The diagnostic criteria encompass dissociative motor disorders, dissociative convulsions, dissociative anaesthesia and sensory loss, mixed dissociative (conversion) disorders and other dissociative (conversion) disorders. However, the ICD-10 fails to recognise that the category of somatoform disorders can also involve somatoform dissociation. Nijenhuis (2004) was of the opinion that the somatoform dissociation designates the dissociative symptoms which phenomenologically involve the body. Based on Janet’s theory that dissociation is a disruption of the normal synthesis between systems of ideas and functions that constitute the personality, Van der Hart et al., (2006) stated that somatoform dissociative symptoms are manifestations of dissociative parts of the personality.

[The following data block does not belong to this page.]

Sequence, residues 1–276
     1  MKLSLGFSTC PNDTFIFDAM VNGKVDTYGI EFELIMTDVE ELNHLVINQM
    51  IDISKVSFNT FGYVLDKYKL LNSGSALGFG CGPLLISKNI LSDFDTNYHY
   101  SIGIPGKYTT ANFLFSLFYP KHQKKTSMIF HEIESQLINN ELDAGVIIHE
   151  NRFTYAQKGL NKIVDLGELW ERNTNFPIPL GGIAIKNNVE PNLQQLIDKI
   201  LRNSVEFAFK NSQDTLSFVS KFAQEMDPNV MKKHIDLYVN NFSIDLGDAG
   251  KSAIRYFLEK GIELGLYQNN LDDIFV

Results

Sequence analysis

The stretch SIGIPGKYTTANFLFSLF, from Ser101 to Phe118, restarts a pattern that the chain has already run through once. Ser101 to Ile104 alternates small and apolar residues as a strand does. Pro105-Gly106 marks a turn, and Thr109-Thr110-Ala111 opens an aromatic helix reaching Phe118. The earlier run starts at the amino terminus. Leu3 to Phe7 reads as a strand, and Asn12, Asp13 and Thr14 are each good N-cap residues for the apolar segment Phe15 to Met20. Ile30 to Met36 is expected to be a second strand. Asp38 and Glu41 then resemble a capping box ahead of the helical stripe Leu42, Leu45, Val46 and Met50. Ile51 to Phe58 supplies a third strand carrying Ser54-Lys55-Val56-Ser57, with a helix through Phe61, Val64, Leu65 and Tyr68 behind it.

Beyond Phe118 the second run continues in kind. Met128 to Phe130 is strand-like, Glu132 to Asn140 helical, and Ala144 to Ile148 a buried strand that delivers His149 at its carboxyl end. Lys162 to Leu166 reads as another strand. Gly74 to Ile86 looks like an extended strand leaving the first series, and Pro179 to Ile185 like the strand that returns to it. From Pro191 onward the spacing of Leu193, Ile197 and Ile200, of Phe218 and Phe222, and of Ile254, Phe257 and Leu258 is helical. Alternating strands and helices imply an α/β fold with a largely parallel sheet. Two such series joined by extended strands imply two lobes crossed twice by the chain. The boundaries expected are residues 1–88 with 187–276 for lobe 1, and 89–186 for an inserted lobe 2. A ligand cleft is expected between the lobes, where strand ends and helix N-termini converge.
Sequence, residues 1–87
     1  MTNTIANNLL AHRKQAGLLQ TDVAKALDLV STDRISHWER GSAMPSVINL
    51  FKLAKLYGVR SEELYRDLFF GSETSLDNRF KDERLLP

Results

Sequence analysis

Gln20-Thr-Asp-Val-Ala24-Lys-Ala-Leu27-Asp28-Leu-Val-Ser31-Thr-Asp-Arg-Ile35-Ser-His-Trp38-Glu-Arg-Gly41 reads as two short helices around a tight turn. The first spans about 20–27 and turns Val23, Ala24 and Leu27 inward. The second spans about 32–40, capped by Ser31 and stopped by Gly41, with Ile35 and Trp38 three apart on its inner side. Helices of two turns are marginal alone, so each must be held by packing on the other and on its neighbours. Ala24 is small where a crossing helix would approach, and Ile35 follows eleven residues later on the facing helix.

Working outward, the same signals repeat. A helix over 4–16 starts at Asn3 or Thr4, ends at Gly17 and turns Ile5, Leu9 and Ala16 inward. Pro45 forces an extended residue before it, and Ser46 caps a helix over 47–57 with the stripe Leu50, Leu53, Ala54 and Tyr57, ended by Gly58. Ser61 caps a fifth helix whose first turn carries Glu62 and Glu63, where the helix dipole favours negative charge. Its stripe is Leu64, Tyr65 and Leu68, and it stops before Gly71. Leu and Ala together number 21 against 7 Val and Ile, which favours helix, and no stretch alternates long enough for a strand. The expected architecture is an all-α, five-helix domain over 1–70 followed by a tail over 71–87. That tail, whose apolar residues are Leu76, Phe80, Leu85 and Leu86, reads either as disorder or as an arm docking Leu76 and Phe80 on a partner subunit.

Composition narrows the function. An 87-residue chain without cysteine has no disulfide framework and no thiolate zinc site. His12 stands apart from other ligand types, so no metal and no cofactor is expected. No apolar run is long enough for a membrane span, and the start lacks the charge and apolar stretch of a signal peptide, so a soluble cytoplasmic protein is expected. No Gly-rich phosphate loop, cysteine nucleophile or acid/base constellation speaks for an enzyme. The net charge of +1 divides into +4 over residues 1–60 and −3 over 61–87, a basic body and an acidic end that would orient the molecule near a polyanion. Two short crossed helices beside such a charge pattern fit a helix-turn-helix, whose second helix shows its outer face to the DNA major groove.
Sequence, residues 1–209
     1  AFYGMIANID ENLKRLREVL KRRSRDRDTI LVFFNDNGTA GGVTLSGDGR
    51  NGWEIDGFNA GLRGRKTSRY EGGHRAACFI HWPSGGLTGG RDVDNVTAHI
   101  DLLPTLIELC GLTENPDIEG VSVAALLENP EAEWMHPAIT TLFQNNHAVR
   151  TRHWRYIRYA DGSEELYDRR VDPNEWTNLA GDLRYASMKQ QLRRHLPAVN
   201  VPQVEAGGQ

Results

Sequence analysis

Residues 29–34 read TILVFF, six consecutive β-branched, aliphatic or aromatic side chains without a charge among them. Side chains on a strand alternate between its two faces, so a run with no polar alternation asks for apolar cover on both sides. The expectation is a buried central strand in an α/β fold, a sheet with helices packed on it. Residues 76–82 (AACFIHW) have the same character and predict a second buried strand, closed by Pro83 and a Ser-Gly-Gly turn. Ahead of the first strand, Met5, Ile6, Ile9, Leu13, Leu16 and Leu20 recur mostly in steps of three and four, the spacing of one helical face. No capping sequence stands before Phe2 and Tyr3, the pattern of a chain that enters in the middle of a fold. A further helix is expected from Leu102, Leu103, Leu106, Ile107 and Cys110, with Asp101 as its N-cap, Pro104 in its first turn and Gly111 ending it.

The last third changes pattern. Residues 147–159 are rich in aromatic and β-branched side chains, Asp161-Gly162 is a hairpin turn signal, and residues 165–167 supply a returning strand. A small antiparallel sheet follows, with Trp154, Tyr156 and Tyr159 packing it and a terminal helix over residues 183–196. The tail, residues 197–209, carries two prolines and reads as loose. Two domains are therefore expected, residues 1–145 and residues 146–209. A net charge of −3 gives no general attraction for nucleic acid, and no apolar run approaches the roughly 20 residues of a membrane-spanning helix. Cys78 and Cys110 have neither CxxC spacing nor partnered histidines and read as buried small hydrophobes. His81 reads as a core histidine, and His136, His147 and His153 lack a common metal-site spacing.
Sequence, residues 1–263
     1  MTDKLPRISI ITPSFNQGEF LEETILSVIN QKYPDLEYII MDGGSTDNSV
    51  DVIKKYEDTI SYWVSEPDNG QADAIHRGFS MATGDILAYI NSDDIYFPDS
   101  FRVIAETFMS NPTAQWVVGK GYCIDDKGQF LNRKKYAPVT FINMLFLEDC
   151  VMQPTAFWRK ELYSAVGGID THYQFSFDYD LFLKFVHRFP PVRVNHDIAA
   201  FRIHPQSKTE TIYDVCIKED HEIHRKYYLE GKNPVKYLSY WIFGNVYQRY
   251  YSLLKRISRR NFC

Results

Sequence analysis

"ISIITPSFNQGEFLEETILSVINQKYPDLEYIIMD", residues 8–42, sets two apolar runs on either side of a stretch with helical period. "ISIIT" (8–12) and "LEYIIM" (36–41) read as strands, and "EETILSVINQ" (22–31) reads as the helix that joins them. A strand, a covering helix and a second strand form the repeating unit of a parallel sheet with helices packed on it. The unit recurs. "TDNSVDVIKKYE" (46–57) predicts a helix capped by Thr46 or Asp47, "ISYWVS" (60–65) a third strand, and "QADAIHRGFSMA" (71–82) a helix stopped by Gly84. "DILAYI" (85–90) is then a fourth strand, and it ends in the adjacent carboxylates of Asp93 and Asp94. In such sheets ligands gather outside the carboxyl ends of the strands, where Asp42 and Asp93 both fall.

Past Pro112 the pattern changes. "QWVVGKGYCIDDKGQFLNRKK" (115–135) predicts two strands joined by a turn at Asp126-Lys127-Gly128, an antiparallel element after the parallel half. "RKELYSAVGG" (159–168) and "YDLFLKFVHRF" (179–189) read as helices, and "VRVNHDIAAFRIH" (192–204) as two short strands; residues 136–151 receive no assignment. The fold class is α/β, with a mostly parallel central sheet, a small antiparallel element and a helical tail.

Current diagnostic criteria DSM-5, as well as previous DSM-IV-TR (APA, 2000)), recognises two major disorders involving physical complaints associated with a history of traumatisation: somatisation disorder and conversion disorder. Somatisation disorder was found as a part of general complains in chronically traumatised individuals which complexity correlates to the severity of the trauma-related experience and dissociative symptoms. According to the DSM criteria, somatisation disorder requires the presence of multiple physical complaints before age 30, what is diagnostically unacceptable considering that the traumatic experience can induce this disorder after these ages. However, the most confusing was that epidemiologically DSM-IV-TR criteria did not consider that somatisation can involve somatoform dissociation and that the symptoms can be trauma related.